Border

Work on building more border wall starts in Santa Teresa

SANTA TERESA, New Mexico - Work crews in New Mexico are now forging ahead with construction of taller border fencing funded through a national emergency declaration by President Donald Trump.

The work on his hallmark campaign promise involves mostly replacement fencing along a 46-mile stretch of desert west of Santa Teresa.

At the New Mexico site, about 20 workers placed rebar frames for concrete footers along the path of the wall. A 50-foot crane towered over the site, standing out on the treeless brushland and cracked washes that stretch for miles in every direction.

Workers broke ground between Columbus and Santa Teresa — small towns near ports of entry along the border between New Mexico and the state of Chihuahua, Mexico.

The project is being funded with money initially allocated to the Defense Department that was redirected by Trump's executive order.

Use of the money was previously frozen by lower courts while a lawsuit proceeded. Last month, however, the U.S. Supreme Court cleared the way for the use of about $2.5 billion.

A border wall was a keystone of the president's 2016 election campaign, but Congress has resisted funding all of it. This year it allocated $1.4 billion, but the president wanted much more.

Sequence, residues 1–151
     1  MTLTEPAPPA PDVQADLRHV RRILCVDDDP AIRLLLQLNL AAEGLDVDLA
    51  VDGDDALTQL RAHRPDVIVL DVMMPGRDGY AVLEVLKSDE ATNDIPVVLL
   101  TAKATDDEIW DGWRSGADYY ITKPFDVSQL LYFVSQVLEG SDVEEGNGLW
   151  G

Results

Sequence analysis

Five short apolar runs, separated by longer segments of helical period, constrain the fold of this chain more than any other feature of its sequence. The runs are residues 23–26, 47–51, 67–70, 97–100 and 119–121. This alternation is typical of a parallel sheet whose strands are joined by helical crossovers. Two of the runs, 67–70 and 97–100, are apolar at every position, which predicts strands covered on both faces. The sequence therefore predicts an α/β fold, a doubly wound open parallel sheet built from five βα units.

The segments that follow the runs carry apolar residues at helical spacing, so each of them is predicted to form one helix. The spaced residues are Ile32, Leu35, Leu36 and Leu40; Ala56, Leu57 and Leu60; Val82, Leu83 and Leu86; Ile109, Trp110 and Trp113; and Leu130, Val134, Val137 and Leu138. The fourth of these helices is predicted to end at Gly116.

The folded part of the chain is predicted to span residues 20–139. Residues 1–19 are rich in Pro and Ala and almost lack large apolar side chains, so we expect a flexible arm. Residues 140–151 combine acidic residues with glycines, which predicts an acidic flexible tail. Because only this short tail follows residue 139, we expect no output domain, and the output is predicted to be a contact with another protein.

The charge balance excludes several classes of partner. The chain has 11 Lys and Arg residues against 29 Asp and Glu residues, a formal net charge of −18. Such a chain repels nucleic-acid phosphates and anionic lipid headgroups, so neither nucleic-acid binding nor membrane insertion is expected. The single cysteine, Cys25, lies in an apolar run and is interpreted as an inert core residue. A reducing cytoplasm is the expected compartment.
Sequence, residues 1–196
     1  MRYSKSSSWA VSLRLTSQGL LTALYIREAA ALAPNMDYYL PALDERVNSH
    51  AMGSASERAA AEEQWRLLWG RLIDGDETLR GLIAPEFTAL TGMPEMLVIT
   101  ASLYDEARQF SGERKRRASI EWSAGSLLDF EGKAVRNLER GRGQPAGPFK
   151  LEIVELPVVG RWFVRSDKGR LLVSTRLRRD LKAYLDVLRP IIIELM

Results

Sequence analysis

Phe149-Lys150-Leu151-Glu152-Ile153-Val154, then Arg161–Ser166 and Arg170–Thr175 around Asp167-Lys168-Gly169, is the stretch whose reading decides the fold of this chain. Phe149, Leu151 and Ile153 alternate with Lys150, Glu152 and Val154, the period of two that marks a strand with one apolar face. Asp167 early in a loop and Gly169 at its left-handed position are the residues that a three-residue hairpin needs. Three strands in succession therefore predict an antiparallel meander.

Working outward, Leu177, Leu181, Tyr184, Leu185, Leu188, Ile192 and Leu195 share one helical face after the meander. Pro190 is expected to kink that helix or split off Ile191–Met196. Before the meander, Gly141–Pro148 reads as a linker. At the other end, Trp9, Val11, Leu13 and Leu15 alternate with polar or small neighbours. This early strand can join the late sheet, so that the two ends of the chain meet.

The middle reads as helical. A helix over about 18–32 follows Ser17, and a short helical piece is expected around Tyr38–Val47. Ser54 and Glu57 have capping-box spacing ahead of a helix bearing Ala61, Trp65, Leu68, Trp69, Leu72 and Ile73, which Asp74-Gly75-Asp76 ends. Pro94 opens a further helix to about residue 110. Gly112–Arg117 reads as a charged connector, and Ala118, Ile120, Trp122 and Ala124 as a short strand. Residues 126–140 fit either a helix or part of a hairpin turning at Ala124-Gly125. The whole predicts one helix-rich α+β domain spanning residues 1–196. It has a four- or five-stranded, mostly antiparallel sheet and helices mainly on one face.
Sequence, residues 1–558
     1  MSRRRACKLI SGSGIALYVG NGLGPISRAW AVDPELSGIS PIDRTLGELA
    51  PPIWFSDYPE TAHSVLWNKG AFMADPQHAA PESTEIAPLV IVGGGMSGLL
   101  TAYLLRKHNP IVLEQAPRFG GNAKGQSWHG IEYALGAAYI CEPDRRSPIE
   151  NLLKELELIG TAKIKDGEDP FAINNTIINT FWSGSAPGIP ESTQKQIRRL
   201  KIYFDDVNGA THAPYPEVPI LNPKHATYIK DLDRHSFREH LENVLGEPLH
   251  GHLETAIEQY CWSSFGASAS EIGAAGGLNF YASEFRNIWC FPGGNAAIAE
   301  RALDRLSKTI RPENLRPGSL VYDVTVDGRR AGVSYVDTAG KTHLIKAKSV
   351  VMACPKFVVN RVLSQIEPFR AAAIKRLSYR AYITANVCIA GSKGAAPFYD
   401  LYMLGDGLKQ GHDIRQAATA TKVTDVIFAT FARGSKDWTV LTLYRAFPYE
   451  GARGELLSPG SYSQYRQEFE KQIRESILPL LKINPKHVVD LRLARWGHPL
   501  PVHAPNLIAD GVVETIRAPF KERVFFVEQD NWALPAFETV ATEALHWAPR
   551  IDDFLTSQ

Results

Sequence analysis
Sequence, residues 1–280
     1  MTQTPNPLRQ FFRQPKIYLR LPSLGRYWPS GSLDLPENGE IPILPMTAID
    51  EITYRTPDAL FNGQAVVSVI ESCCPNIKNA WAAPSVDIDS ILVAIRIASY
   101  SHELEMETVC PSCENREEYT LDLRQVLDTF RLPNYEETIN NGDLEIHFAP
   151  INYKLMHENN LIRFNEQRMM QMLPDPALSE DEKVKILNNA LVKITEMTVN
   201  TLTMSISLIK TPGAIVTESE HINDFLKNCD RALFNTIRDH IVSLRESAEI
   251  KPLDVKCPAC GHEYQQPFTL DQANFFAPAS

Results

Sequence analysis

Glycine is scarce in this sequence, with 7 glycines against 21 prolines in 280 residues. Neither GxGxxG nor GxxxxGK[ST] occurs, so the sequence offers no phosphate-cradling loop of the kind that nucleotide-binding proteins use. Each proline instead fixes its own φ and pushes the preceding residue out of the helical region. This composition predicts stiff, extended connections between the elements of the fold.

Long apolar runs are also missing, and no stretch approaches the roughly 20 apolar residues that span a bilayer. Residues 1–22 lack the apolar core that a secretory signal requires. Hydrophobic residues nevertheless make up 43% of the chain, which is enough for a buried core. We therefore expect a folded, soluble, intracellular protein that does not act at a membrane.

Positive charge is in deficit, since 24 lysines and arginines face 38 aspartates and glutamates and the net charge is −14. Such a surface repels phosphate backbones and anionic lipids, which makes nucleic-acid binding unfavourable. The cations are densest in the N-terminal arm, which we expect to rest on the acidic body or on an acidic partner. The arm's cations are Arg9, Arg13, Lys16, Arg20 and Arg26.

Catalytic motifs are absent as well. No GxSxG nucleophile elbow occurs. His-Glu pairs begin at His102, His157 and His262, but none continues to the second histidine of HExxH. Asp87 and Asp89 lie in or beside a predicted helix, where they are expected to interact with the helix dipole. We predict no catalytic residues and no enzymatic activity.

The administration has awarded $2.8 billion in contracts for barriers covering 247 miles, with all but 17 miles of that to replace existing barriers instead of expanding coverage.

Various forms of barriers already exist along 654 miles — about a third — of the border.

The construction comes as immigrant apprehensions have fallen sharply over the past two months due to the summer heat and a clamp down in Mexico.

Tens of thousands of people have come to the U.S. over the past year. Most are Central American families with children who turn themselves in to agents instead of trying to dodge them.

Environmentalists have sued over some of the construction contracts for the fencing, saying the government unlawfully waived dozens of laws so it could build on protected lands.

Conservationists say a wall — and its construction— would be detrimental to wildlife habitat and would block the migration of animals such as bighorn sheep and wolves. Two cases are pending in U.S. courts.

"It's astonishing and sad to see Trump's border wall being built through the most spectacular desert ecosystem on the planet," said Laiken Jordahl, borderlands campaigner with the Center for Biological Diversity.


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